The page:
Some people were wary of investing in Mybar online, fearing it was an internet scam, he says. The brothers were still able to raise $300,000 in the first phase and securing a location significantly sped up the process. The venue was financed through the sale of what the brothers call “Bar Notes”, each valued at between $2,000 and $20,000. The notes are a form of permanent membership and the amount of the investment carried different advantages. Bar Note holders are not entitled to Mybar equity, but still earn dividends. Holders of $20,000 notes, the maximum amount, have a 2 per cent voting right on the design of the bar and are entitled to 2 per cent of its dividends, while the holders of the $10,000 notes had a 1 per cent vote and 1 per cent of dividends.

The investors also have access to Mybar’s weekly sales report. And each category – Gold ($20,000), Platinum ($10,000) and Silver ($5,000) – provides perks, including priority reservations, reserved parking, engraved names on the wall and access to VIP areas.

Although imaginative, not everyone, was sold on this unorthodox financing scheme. “While I thought the Mybar marketing campaign was ingenious, I was disappointed when I discovered that ownership was limited to Bar Notes and not actual shares, in spite of the fact that the slogan on the Mybar website read ‘Mybar: own it, live it, profit’,” says one person who asked to remain anonymous.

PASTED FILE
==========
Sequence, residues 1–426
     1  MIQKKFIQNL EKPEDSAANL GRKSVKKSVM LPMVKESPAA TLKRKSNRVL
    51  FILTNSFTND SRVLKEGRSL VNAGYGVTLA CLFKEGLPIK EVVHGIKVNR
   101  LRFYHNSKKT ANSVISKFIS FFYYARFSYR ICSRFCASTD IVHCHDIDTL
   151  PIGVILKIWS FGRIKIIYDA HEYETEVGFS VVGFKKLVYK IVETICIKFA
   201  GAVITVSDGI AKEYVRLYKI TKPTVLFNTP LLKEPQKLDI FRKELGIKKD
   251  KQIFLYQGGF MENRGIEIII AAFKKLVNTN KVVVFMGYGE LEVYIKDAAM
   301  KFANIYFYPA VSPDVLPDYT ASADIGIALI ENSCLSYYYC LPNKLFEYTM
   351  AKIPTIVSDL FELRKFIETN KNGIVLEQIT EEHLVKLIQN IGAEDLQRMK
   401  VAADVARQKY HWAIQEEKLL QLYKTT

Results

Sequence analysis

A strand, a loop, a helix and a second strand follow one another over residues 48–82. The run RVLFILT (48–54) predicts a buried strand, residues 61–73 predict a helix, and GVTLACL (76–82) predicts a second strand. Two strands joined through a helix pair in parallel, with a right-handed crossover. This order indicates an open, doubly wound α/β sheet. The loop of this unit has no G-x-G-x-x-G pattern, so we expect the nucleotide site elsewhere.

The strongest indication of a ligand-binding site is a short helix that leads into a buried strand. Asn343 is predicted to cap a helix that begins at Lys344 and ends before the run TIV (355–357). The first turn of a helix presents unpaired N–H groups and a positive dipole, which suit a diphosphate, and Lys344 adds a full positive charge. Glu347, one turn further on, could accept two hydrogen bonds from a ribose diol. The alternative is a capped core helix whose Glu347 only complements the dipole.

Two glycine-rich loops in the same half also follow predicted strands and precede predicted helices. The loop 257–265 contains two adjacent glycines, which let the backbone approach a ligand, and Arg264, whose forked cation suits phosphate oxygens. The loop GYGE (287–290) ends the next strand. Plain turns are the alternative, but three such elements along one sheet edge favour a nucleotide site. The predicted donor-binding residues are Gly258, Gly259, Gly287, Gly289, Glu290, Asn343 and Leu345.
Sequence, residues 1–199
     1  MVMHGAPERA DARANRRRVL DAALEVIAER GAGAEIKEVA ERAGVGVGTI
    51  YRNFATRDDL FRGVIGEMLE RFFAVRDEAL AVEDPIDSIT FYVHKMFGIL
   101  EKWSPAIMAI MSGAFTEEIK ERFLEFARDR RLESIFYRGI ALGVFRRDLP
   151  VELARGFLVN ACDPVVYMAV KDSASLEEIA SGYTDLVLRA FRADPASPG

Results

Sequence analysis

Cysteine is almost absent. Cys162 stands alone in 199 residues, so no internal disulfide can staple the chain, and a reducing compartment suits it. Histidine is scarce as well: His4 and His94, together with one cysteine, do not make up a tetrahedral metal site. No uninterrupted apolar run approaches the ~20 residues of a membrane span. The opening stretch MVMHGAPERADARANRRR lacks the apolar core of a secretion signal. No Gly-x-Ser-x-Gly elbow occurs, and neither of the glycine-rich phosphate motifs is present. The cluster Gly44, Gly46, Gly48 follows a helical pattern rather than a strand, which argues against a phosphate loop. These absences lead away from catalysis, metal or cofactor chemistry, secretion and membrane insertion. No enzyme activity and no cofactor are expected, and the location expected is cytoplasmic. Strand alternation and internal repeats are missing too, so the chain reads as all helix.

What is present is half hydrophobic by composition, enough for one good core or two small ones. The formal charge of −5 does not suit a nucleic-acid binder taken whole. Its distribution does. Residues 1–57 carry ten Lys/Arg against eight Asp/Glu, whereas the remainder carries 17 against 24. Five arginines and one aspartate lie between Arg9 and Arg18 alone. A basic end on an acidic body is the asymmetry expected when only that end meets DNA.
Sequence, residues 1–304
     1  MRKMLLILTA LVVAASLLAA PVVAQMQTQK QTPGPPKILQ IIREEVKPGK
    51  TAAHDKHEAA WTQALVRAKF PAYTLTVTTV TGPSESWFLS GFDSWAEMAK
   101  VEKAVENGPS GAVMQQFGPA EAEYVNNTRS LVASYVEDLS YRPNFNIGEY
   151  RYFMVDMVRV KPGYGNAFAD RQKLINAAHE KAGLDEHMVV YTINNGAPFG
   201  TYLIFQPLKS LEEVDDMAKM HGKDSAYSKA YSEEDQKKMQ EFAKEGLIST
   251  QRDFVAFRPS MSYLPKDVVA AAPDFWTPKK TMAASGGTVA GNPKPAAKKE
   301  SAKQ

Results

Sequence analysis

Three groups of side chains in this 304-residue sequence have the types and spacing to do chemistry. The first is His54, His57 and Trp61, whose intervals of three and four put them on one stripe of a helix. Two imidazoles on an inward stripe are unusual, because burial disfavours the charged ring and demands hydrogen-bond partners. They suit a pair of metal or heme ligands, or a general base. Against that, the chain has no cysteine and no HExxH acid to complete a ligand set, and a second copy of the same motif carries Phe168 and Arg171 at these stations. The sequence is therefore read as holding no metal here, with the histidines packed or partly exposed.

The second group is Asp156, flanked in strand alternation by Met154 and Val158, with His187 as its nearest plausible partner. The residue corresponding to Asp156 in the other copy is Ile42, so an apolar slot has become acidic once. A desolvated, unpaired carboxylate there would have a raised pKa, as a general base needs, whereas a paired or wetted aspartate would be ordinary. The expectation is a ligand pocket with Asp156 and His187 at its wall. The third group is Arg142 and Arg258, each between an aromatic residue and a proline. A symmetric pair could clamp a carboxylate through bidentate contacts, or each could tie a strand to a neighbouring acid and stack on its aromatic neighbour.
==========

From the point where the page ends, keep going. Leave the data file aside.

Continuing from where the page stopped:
From a legal standpoint, there are questions. “The information available on the website and prospectus does not clearly determine, from a legal perspective, how Mybar SARL, a limited liability company, issued a certain type of title to inject money in the company,” says Lina Charbel, a lawyer. “It is also unclear how it intends to distribute future dividends to ‘Bar Note’ holders instead of partners.”